Analysts estimate Amazon’s Kindle selling about 1.5 million units by the end of 2009, while Barnes and Noble’s Nook is already sold out for the holidays. More ereaders are popping onto the market, and publishers are rethinking their approach to digital media, like Time Inc.’s recent demo of a digital version of Sports Illustrated. The immediacy and convenience of ebooks and digital content has definitely impacted how people today read. Authors realize that they can publish freely and digitally distribute their work for nothing other than their time with sites like Lulu.com. But, how do you make a great ebook that stands out?
You CAN judge a book by its cover.
A good cover can be a great marketing tool for an ebook. You want your cover to make someone scanning through a website, stop and click your ebook. You don’t want to be tacky or overbearing, but the cover should draw attention. In the open-publishing world, a cover gives readers their first impression of what to expect from an author’s book. For now, the quality of a cover is a good indication of which authors have invested more time into their work than others. Well-formatted and edited books typically have a cover that was put together by a professional designer and features professional art or photography that is eye-catching and relevant to the audience the content is trying to reach.
Do the work for your readers; be visible.
The easier you make the purchasing step for your customers, the better. This can be done by making your ebook as visible as possible. Every time you mention your book or yourself online, provide links to make it easy for people to find your content or more information about you. Let’s say you just put up a book trailer on YouTube. That YouTube page needs a link to your book’s storefront and the storefront needs a link to the video. This is called cross-linking.
One of the great things about Lulu.com is that it offers non-exclusivity for an author’s book. This means an author maintains the rights to their work, so they are free to upload it to Lulu and as many other sites as they want. This is a way to have your work reach that many more people. A little research into exclusivity rights could do a lot for your ebook.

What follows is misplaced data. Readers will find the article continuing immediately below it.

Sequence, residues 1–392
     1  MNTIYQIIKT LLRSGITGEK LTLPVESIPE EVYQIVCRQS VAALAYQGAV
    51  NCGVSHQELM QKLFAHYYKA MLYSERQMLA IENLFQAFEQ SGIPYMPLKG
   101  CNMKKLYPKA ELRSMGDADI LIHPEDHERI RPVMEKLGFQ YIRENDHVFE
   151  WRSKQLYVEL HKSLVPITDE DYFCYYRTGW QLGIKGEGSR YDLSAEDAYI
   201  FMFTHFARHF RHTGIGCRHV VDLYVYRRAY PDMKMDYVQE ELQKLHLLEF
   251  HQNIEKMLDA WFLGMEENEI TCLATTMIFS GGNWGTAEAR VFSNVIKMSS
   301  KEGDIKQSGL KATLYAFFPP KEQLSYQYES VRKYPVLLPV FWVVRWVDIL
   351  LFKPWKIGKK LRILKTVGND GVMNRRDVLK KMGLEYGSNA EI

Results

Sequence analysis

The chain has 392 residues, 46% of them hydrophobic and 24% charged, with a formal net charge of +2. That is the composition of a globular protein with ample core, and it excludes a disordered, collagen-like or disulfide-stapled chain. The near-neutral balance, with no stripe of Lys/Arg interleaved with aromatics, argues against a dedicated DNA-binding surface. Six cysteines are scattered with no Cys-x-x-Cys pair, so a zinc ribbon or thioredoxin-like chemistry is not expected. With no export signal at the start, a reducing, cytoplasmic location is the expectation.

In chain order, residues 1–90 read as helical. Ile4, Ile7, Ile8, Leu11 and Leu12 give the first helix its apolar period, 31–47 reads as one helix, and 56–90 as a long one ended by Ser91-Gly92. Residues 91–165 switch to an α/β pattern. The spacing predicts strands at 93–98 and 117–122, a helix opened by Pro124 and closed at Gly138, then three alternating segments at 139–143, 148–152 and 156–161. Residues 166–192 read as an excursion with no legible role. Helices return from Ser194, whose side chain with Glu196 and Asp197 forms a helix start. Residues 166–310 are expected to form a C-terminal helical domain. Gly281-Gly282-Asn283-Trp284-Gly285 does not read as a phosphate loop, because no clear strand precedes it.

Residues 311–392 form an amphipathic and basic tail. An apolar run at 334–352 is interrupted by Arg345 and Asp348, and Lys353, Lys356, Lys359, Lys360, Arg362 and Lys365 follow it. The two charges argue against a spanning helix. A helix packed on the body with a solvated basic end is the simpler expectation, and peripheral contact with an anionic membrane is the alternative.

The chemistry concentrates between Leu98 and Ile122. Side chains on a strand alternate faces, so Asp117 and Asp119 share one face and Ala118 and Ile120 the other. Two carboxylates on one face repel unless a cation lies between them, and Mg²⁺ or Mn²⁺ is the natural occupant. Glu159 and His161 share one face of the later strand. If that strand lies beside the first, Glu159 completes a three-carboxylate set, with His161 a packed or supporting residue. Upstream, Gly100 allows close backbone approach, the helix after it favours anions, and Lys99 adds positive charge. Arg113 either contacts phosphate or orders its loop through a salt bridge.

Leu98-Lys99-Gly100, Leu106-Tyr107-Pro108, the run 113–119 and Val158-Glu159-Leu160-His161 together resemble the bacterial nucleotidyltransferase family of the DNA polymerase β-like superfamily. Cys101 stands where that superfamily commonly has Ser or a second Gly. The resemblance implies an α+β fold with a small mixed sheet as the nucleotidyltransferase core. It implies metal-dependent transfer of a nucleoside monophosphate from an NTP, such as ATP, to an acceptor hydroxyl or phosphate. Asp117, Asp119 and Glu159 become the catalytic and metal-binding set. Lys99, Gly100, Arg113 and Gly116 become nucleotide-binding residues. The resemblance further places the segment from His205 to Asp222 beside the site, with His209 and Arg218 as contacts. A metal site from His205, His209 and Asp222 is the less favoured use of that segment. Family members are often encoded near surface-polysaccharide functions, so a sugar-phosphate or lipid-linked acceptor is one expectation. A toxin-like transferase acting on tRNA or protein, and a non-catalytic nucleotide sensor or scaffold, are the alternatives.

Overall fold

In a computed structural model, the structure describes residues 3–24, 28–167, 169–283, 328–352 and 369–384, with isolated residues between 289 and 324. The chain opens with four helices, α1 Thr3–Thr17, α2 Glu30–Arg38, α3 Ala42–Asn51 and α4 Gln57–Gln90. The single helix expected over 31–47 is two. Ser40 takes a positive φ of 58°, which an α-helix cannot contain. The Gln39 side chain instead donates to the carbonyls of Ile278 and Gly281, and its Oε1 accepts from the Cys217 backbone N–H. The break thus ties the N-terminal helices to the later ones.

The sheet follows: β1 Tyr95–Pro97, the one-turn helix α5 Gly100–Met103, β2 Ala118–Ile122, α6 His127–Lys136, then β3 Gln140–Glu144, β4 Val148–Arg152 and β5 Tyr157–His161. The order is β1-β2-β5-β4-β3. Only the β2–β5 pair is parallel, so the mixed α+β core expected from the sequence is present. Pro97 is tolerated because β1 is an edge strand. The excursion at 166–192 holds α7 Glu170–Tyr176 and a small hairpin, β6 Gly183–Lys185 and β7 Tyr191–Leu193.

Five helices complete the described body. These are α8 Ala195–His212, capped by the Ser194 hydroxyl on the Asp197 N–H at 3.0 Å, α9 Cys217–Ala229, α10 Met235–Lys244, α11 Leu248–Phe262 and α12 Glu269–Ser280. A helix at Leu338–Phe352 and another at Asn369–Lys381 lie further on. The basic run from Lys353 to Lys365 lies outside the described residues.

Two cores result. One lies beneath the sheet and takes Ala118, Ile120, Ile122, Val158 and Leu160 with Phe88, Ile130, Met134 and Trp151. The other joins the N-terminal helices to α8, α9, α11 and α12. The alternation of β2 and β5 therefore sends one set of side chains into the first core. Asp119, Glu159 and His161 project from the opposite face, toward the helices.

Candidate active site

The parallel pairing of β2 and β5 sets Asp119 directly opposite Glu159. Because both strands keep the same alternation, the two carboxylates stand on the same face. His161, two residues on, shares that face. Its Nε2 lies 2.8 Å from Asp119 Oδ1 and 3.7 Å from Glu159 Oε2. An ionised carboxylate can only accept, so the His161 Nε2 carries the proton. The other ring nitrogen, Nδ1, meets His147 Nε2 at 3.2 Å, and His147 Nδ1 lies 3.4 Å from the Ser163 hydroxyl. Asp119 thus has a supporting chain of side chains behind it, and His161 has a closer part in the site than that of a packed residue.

Don’t make your customers read.
People want to read your ebook, not read about it. Try to limit the text that appears around your ebook to a minimum. A brief summation is a good thing, but make sure it builds up the content of the book. Use language that makes readers want to dive in right away. The less you say the better because you might talk potential readers out of a sale otherwise. Leave the real talk to reviewers.
Proactively respond to your readers.
Most of the work that goes into selling an ebook arguably comes after it has been written. All the marketing for your book falls to you, and you need to respond to your growing audience. Social networking makes this much easier. Something like a Facebook fan page is a great way to maintain an open dialogue with several people at once while keeping people informed about your work. Be aware of reviews and respond to them positively when appropriate.
Keep up with the tech – know your formats.
.pdf, .epub, .bbeb, .lit. There are dozens of different file formats able to be assigned to the end of your would-be ebook. The most universal file format is International Digital or “EPUB.” Some ebook tech only accept proprietary file formats though so keeping up on tech trends can go a long way in getting your content out. Much like making your content as visible as possible, try making your content as accessible as possible by offering multiple file formats. You’d hate to lose sales just because you didn’t offer your book in the Kindle’s .azw format.
Since 2002, Lulu has powered the knowledge-sharing economy by enabling creators in more than 225 countries and territories to publish over 2 million books. Lulu’s industry-leading tools and global network of print facilities provide creators with the resources to succeed on their terms.